David Zelag Goodman dies at 81; Oscar-nominated screenwriter

David Zelag Goodman, a screenwriter best known for such 1970s films as the controversial psychological thriller “Straw Dogs” and “Lovers and Other Strangers,” a comedy that earned him an Oscar nomination, has died. He was 81.

Goodman died Monday at an assisted-living facility in Oakland of progressive supranuclear palsy, a brain disorder, said his daughter, Kevis Goodman.

“He was a man for all seasons,” said his close friend Zev Braun, a film and television producer. “He went from biblical scholar [as a young man] to playwright to television and motion pictures and did some of the best of the ‘70s movies. That was when he was really on fire, so to speak.”

During his movie-writing heyday in the 1970s, Goodman shared an Oscar nomination with Joseph Bologna and Renee Taylor for co-writing the screenplay for “Lovers and Other Strangers,” a 1970 comedy based on Bologna and Taylor’s play.


Goodman teamed with director Sam Peckinpah to co-write the screenplay for “Straw Dogs,” the Peckinpah-directed 1971 film starring Dustin Hoffman as a mild-mannered American mathematician living with his British wife (Susan George) in an English country village, a location that proves to be less than tranquil for the couple.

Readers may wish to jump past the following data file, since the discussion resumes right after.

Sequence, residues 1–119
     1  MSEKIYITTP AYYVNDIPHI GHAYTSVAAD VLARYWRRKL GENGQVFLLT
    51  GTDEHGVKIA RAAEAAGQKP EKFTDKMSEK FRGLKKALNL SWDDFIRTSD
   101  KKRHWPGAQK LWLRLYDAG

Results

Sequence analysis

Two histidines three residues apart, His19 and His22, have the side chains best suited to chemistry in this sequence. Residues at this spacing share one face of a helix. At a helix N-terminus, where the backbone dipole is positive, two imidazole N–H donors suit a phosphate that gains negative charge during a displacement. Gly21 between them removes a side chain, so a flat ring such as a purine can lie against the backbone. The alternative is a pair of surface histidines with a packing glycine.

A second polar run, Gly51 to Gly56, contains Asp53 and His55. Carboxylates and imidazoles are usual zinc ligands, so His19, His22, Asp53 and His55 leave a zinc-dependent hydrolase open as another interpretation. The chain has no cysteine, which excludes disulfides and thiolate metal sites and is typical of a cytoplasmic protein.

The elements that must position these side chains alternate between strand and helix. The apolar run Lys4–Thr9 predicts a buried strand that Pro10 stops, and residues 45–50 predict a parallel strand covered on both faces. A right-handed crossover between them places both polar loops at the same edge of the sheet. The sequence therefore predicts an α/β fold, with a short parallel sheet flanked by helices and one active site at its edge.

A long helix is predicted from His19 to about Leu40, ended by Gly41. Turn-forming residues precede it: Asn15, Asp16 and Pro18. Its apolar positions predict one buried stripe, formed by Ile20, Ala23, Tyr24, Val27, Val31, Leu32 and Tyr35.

The film, which generated controversy for its violence, was described by Charles Champlin, then The Times’ film critic, as “an overpowering piece of storytelling, certain to remind every viewer of the wells of primal emotion lurking within himself, beneath the fragile veneer of civilized control.”

Goodman’s other film credits as a co-writer include “Monte Walsh,” a 1970 western starring Lee Marvin and “Eyes of Laura Mars,” a 1978 thriller starring Faye Dunaway.

He also wrote the screenplays for “Farewell, My Lovely,” a 1975 adaptation of Raymond Chandler’s novel starring Robert Mitchum as Philip Marlowe; and “Logan’s Run,” the 1976 science-fiction film starring Michael York.

His writing career included a 1954 off-Broadway production of his antiwar drama “High Named Today” and episodes of TV’s “The Untouchables,” “Combat!” and “Mr. Broadway” in the 1960s.

Goodman also was a “go-to writer” for a number of producer friends who were having trouble with scripts. He could immediately pinpoint what was wrong, said Braun, whose work with Goodman included “Freedom Road,” a 1979 miniseries with Muhammad Ali and Kris Kristofferson.

“It’s his integrity as a writer that made him a good writer, not only his talent,” Braun said. “He also had integrity as a person. Anybody who knew him would tell you that.”

Born Jan. 15, 1930, in New York City, Goodman earned a degree in English from Queens College and studied drama at Yale University.

During most of his career, he spent part of each year in Los Angeles while continuing to live in New York. In 1999, he and his wife, Marjorie, moved to Berkeley, where their daughter is an English professor at UC Berkeley.

In addition to his daughter and his wife of 61 years, Goodman is survived by his sister, Florence Pirofski.